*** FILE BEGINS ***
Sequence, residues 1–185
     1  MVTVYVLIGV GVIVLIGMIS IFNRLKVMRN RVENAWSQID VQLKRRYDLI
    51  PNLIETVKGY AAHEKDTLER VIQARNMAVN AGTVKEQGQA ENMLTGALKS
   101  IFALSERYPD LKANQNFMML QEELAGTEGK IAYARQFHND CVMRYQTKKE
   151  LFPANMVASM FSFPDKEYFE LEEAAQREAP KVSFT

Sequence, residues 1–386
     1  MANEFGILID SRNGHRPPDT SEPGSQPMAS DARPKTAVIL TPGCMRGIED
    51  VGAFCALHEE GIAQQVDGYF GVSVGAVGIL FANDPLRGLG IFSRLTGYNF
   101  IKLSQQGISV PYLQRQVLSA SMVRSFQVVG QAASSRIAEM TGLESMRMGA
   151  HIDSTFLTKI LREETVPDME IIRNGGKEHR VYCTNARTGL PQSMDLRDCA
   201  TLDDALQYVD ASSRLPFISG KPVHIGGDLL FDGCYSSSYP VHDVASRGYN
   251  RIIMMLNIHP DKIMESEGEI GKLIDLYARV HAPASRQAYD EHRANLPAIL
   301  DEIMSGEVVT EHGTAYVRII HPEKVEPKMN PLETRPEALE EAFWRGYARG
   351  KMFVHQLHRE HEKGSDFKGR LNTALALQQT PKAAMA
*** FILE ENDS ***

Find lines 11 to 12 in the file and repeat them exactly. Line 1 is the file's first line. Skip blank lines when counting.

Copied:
   201  TLDDALQYVD ASSRLPFISG KPVHIGGDLL FDGCYSSSYP VHDVASRGYN
   251  RIIMMLNIHP DKIMESEGEI GKLIDLYARV HAPASRQAYD EHRANLPAIL